3. Phil, I agree with you that the SPD investigations since last May have been somewhat overzealous. But it sounds to me like you are minimizing and excusing the illegal activities of significant property damage. Do you think that such damage is OK because a corporation is “rapacious”? How does that have any impact whatsoever on what those corporations do? And don’t you think those responsible should be identified and prosecuted?

  4. Bob: I don’t mean to minimize, but to counter the exaggeration of it. There was not, as the Seattle Times reported, “widespread violence”. The only report of harm to people of which I’ve heard was a reporter who was struck in the face. It’s deeply misleading to refer to property damage as “violence.”

    When my car was stolen years ago, the police could barely be bothered to take a report. When a downtown windows are broken, federal investigations are initiated.

    I don’t think breaking Bank of America’s windows is okay. I think it’s less concerning than if a company who hadn’t been judged too big to accept the consequences of its actions had its window broken. I think Seattleites are far less concerned about a few windows broken at “too big to fail” (a.k.a., above the law) banks, at sweatshop shoe outlets, and at an unused courthouse than they would be if windows were broken at homes or at the businesses of our neighbors. I, personally, think the drunken behavior surrounding football games is more troubling than people busting bank windows on May Day.

    The warrant The Stranger got unsealed showed that the feds had sufficient evidence to identify the vandals well before they continued to drag people before the grand jury to interrogate them about their politics and those of their friends.

    • I think that breaking windows, or other forms of vandalism, is not OK regardless of what business occupies that building, because not only is it ineffective in getting “rapacious corporations” to mend their ways, but also because it turns ordinary citizens against the political “activism” espoused by those who engage in such illegal activity. It is a slippery slope to think that such vandalism is more acceptable/less concerning for certain types of businesses than others….where do you draw that line?

      It could be that the unsealed warrant shows the feds had enough evidence to identify the vandals (that is just your opinion), but identifying them and later convicting them are two different things. The federal prosecutor must have felt he/she needed more evidence to get a conviction, and that’s why the grand jury was convened. However, for those who refused to testify and were then incarcerated, I think that some form of home detention would have sufficed.

      • Bob: I agree that breaking windows is not okay. It is also far less concerning than harm to people. It is a bit less concerning when the windows of a multinational corporation that has been declared above the law are broken then it would be if someone’s home or my neighbor’s business had its windows broken. It is misleading to refer to breaking of windows as “widespread violence.”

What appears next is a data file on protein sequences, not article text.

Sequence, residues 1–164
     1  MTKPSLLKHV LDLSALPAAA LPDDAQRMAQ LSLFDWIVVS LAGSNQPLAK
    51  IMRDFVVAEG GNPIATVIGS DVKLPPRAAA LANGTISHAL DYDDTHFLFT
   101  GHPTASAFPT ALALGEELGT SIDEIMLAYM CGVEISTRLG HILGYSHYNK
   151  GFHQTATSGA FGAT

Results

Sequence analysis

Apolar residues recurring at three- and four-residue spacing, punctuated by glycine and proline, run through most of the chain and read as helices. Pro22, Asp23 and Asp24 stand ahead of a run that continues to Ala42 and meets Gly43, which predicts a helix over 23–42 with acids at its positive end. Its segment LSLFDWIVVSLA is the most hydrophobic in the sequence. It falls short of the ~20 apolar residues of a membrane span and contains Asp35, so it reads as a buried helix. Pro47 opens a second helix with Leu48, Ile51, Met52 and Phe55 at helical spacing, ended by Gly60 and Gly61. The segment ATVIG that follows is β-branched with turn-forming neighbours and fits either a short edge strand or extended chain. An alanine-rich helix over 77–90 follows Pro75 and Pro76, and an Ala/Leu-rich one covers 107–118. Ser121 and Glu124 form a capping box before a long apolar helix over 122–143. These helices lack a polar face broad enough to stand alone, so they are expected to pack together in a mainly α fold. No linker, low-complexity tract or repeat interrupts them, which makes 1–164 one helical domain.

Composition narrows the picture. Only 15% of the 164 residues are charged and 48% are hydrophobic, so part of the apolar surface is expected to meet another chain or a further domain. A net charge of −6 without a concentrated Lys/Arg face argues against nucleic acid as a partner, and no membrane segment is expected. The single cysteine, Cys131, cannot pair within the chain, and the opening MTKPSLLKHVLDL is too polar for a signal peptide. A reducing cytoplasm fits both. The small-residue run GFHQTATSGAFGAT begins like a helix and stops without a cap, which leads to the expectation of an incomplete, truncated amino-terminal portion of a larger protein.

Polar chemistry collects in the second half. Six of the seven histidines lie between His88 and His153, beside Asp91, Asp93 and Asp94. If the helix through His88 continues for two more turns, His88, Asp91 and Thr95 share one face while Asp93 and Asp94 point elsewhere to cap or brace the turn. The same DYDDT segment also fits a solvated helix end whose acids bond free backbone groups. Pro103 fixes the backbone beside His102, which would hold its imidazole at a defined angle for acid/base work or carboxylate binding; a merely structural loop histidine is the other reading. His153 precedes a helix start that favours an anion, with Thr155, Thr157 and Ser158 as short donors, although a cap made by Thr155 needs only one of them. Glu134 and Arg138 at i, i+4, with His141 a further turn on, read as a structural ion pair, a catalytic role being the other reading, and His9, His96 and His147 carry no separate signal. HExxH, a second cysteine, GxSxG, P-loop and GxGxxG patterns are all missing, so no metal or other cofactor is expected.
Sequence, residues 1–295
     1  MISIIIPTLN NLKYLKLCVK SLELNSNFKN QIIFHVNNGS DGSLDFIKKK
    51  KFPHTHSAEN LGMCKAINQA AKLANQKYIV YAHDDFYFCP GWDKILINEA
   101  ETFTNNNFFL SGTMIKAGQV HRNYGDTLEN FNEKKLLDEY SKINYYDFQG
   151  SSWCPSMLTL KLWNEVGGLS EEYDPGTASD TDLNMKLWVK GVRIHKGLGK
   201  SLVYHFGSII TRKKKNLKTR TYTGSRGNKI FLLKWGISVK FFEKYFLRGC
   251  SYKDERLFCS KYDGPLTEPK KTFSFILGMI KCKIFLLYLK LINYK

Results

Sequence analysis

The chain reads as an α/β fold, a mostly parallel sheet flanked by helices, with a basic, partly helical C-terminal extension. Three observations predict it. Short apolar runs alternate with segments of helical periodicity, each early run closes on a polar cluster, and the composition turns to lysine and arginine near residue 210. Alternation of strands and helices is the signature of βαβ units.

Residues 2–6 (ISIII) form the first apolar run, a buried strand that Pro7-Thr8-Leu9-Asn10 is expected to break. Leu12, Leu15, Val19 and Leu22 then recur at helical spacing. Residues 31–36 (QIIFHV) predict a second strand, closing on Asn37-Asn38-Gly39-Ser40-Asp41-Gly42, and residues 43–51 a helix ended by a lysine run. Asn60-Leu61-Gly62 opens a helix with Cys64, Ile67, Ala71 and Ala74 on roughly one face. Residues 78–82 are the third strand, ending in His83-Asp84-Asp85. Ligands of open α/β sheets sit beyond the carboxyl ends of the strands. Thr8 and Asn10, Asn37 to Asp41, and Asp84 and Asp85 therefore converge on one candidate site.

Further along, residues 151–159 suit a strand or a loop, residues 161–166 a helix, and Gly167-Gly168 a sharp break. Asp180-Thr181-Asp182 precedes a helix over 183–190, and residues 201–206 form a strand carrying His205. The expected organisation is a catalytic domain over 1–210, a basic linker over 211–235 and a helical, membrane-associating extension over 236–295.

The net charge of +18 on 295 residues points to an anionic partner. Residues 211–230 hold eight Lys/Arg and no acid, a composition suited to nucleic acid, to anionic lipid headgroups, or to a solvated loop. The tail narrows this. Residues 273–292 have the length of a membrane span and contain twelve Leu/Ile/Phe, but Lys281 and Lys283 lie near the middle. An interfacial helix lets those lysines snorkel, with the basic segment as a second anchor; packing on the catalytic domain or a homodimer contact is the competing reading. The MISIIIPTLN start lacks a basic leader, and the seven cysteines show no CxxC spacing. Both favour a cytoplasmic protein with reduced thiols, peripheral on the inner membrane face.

Have you read The Stranger’s coverage of the grand jury investigation? From the sound of what you’re writing here, it seems likely that you have not. The questions these people—who were out of state during the incident—were asked were not about vandalism; they were about political ideology. It is McCarthyism, and it is not okay.

  5. The rioters were throwing explosives at the courthouse, which DID have a security guard manning the gate because the courthouse is not “unused”. They could at least see one person who they were threatening the lives of, and there were at least roughly half a dozen armed agents of the federal government inside.

    Considering that, in addition to the molotovs being thrown, there were cement-filled flagpoles wrapped in razor wire being swung around, I think it is safe to assume that those involved in riot committed violent acts that justified the witch-hunt.

    That said, I know little about the prosecution of those rioters who were identified. I would not be at all surprised if the large companies whose property was damaged excessively influenced their treatment. No city wants to seem weak when tax revenue is at stake, unfair as that may be for people like Phil who get their car stolen and get little attention from the police.

    • John, could you please cite the source of your claims? As far as I know, the “incendiary devices” often described as being used in this incident were not bombs that explode, but “smoke bombs”. And I don’t recall the SPD’s show-and-tell session afterward displaying any razor-wire-wrapped poles.

      Again: The court documents revealed as a result of The Stranger‘s investigation showed that he feds had ample evidence to identify suspects well before they called in people to question them about their political ideology and about those of people they might know.